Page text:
Eric Scott (Rob Brydon) is suffering a mid-life crisis. Unfulfilled at work and convinced his wife is having an affair, he only seems happy swimming lengths in his local pool. It is there that he meets a group of men with similar issues who have formed a synchronized swimming team. They persuade him to join them ahead of an upcoming competition.
This is a British comedy that firmly sticks to The Full Monty template. Whilst it has some funny moments and likeable characters it lacks the emotional depth and the political undercurrent that made The Full Monty so great. The cast is made of reliable character actors such as Jim Carter, Rupert Graves, and Adeel Akhtar. Apart from Brydon, Daniel Mays made the biggest impression as a man struggling with past demons.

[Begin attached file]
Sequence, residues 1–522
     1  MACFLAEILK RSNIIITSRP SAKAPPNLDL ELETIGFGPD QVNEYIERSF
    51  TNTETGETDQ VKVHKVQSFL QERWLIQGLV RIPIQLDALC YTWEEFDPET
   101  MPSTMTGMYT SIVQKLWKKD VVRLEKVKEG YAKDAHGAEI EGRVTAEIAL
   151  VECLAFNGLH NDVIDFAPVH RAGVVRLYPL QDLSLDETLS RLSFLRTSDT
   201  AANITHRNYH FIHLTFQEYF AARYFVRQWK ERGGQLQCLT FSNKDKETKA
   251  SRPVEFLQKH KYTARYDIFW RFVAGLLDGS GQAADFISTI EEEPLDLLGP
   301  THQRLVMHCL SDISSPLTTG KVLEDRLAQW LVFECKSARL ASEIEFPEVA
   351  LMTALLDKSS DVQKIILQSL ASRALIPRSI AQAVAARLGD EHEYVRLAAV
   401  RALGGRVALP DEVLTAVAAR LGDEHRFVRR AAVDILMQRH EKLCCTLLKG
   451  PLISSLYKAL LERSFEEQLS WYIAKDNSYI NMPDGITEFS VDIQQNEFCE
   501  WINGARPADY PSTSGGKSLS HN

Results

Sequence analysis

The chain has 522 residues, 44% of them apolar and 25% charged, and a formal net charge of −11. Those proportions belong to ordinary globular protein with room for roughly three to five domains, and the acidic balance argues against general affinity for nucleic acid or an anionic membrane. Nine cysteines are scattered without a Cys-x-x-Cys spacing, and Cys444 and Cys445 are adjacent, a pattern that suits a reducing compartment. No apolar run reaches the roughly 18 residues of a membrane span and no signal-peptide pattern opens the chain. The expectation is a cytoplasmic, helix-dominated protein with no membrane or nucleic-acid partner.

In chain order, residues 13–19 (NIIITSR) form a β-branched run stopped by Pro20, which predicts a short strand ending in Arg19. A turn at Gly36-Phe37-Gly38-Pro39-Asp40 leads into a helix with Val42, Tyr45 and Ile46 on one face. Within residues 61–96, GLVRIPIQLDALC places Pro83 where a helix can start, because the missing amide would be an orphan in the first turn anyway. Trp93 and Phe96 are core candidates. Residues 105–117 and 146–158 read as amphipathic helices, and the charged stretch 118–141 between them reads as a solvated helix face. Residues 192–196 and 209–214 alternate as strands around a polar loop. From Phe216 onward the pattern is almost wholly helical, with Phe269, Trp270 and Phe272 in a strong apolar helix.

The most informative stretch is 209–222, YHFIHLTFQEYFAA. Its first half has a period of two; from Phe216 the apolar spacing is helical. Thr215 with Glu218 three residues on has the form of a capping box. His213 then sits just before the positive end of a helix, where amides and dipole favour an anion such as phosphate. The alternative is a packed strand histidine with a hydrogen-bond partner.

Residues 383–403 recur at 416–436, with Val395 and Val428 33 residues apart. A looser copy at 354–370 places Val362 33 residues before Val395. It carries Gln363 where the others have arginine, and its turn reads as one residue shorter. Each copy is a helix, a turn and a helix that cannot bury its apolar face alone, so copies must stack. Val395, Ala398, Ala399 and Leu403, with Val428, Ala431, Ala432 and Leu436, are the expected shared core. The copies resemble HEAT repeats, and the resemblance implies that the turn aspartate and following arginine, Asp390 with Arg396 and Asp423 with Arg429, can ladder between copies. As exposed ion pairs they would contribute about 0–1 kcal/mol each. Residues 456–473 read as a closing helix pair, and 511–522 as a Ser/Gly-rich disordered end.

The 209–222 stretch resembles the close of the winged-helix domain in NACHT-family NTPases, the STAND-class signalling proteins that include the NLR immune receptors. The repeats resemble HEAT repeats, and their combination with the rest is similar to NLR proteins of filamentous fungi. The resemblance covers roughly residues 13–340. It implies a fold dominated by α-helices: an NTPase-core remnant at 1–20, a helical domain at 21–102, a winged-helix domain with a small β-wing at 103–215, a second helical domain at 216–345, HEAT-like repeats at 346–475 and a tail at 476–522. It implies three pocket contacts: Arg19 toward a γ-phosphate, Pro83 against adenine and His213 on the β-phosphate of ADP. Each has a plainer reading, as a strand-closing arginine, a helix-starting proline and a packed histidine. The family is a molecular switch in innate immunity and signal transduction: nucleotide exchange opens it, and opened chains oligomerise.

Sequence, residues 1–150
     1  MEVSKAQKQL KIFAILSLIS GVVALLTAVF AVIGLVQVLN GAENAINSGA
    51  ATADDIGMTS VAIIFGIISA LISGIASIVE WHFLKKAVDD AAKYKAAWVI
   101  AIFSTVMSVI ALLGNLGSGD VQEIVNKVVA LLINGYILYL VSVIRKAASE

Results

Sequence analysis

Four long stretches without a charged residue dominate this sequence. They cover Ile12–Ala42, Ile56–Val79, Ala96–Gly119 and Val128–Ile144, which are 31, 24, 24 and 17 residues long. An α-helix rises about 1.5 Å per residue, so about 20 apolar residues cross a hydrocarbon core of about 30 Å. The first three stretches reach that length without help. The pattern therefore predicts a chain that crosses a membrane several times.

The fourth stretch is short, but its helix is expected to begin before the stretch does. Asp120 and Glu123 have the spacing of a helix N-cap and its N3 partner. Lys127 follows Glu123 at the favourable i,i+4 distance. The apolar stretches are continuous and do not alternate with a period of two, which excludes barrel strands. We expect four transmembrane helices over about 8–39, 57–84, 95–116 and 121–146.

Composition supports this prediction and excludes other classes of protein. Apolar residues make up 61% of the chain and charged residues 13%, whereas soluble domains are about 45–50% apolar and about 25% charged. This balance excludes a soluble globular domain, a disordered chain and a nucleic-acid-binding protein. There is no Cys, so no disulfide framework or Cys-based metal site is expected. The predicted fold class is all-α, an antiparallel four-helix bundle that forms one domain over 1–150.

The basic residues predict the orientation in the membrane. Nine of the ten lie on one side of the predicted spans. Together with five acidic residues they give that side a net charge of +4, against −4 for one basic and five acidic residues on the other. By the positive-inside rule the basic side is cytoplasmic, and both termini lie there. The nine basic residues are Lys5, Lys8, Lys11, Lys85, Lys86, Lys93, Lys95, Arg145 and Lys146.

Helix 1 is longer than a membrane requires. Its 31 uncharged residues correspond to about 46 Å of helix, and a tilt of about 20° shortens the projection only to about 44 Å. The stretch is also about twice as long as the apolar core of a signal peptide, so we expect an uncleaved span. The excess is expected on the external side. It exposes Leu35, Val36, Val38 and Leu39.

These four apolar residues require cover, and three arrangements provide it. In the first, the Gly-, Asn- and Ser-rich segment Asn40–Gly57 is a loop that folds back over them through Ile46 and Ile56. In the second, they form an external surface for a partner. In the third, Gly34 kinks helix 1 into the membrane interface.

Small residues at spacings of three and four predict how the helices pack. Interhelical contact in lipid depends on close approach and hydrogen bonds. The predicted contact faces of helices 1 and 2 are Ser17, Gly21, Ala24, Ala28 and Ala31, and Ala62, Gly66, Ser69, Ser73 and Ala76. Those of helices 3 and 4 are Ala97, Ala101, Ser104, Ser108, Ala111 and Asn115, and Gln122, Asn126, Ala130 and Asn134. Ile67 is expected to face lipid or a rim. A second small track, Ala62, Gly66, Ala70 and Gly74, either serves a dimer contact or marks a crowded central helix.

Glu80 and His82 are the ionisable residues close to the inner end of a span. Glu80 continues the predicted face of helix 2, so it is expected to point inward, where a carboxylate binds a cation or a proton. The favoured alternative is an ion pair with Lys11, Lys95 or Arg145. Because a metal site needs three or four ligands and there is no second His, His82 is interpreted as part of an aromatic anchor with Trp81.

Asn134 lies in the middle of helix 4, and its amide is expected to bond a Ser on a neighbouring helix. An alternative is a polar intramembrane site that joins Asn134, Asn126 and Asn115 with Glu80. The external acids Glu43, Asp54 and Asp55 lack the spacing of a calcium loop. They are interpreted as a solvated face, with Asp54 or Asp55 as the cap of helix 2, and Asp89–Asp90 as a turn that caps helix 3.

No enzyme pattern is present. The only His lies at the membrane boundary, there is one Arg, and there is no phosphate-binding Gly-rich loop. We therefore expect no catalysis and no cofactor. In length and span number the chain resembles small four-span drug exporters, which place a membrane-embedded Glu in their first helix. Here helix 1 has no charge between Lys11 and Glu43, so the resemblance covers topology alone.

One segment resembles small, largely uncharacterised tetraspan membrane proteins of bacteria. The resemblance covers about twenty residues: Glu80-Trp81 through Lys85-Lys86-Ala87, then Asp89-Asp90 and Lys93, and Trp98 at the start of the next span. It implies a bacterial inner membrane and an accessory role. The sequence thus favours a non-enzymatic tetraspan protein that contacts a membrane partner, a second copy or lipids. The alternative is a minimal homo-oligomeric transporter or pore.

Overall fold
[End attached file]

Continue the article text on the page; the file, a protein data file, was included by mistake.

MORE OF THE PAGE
The competition element of the film felt tired to me and there were other annoyingly overused tropes. I’m fed up with seeing shots of the main characters walking in slow motion to a music track, and if I see another London based flick where a character lives on a houseboat I won’t be responsible for my actions!
In the end, it is the quality of the cast and the chemistry between the team members that ensures that Swimming with Men is watchable.
Rating: 5.5 out of 10